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Switching profiles in a population-based cohort of rheumatoid arthritis receiving biologic therapy: results from the KOBIO registry

Authors
 Dong-Jin Park  ;  Sung Jae Choi  ;  Kichul Shin  ;  Hyoun-Ah Kim  ;  Yong-Beom Park  ;  Seong Wook Kang  ;  Seung-Ki Kwok  ;  Seong-Kyu Kim  ;  Eon Jeong Nam  ;  Yoon-Kyoung Sung  ;  Jaejoon Lee  ;  Chang Hoon Lee  ;  Chan Hong Jeon  ;  Shin-Seok Lee 
Citation
 Clinical Rheumatology, Vol.36(5) : 1013-1022, 2017 
Journal Title
 Clinical Rheumatology 
ISSN
 0770-3198 
Issue Date
2017
MeSH
Arthritis, Rheumatoid/blood ; Arthritis, Rheumatoid/drug therapy* ; Biological Products/therapeutic use* ; Biological Therapy/methods* ; C-Reactive Protein/metabolism ; Drug Substitution ; Female ; Follow-Up Studies ; Humans ; Male ; Middle Aged ; Prospective Studies ; Registries* ; Republic of Korea ; Time Factors ; Treatment Outcome
Keywords
Biologic agents ; Registry ; Rheumatoid arthritis ; Switching
Abstract
Despite improved quality of care for rheumatoid arthritis (RA) patients, many still experience treatment failure with a biologic agent and eventually switch to another biologic agent. We investigated patterns of biologic treatment and reasons for switching biologics in patients with RA. Patients with RA who had started on a biologic agent or had switched to another biologic agent were identified from the prospective observational Korean nationwide Biologics (KOBIO) registry. The KOBIO registry contained 1184 patients with RA at the time of initiation or switching of biologic agents. Patients were categorized according to the chronological order of the introduction of biologic agents, and reasons for switching biologics were also evaluated. Of the 1184 patients with RA, 801 started with their first biologic agent, 228 were first-time switchers, and 89 were second-time or more switchers. Second-time or more switchers had lower rheumatoid factor and anti-CCP positivity, and higher disease activity scores at the time of enrollment than the other groups. Among these patients, tocilizumab was the most commonly prescribed biologic agent, followed by adalimumab and etanercept. The most common reason for switching biologics was inefficacy, followed by adverse events, including infusion reactions, infections, and skin eruptions. Furthermore, the proportion of inefficacy, as a reason for switching, was significantly higher with respect to switching between biologics with different mechanisms of action than between biologics with similar mechanisms. In this registry, we showed diverse prescribing patterns and differing baseline profiles based on the chronological order of biologic agents.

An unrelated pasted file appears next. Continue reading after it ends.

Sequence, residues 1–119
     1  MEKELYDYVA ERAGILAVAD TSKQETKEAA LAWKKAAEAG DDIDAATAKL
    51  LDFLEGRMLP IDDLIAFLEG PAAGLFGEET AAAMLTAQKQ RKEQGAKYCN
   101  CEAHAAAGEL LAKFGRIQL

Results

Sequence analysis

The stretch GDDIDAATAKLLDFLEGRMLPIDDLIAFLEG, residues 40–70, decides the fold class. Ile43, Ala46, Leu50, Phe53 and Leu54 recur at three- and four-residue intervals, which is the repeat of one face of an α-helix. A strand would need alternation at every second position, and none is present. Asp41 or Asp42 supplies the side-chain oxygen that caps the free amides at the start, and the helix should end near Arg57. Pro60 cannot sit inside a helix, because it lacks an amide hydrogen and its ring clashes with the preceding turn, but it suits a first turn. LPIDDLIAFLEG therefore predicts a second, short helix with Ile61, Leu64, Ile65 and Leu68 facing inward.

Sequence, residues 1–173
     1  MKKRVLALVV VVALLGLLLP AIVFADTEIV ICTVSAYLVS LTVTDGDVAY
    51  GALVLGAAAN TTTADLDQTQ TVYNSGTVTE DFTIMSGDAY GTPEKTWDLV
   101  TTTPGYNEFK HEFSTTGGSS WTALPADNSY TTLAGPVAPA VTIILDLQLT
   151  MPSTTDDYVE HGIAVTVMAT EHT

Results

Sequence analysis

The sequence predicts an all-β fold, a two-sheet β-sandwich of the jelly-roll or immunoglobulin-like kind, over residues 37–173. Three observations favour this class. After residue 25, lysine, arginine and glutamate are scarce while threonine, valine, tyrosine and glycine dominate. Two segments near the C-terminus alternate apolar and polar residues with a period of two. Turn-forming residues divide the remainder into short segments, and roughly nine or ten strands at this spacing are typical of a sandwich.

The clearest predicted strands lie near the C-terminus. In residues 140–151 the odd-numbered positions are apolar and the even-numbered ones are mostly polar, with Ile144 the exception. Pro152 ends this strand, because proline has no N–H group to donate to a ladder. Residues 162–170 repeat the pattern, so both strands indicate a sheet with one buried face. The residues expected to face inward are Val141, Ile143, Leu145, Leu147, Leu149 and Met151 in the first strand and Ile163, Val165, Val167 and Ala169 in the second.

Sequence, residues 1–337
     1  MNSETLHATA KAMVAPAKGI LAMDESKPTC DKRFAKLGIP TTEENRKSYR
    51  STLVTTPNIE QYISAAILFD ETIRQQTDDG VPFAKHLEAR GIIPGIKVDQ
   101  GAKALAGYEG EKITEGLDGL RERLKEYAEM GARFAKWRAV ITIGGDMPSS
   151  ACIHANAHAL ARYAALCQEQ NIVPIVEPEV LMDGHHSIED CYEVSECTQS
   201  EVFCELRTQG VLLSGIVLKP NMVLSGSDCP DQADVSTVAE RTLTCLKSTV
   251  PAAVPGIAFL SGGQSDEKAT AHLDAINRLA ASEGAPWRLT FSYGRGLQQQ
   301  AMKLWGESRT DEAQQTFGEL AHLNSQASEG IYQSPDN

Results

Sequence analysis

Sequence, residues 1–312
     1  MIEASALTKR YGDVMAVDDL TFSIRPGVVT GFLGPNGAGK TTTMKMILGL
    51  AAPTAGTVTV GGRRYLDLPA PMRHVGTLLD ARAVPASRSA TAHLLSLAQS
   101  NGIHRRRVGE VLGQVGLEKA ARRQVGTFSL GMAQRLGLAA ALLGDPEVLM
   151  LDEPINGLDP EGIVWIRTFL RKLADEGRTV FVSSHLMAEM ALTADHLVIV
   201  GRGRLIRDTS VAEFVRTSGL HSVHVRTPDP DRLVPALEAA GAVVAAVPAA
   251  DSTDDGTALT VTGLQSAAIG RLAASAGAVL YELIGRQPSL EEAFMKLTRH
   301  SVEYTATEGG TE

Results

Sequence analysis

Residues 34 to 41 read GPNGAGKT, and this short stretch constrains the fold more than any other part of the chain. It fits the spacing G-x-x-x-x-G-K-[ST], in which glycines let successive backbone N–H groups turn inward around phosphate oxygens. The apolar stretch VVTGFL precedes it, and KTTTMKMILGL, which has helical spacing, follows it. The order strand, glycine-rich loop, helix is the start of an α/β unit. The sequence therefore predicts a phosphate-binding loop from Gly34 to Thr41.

URI
http://ir.ymlib.yonsei.ac.kr/handle/22282913/161238
DOI
10.1007/s10067-017-3584-y
Appears in Collections:
1. Journal Papers (연구논문) > 1. College of Medicine (의과대학) > Dept. of Internal Medicine (내과학교실)
Yonsei Authors
박용범(Park, Yong Beom)
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Full Text
https://link.springer.com/article/10.1007%2Fs10067-017-3584-y
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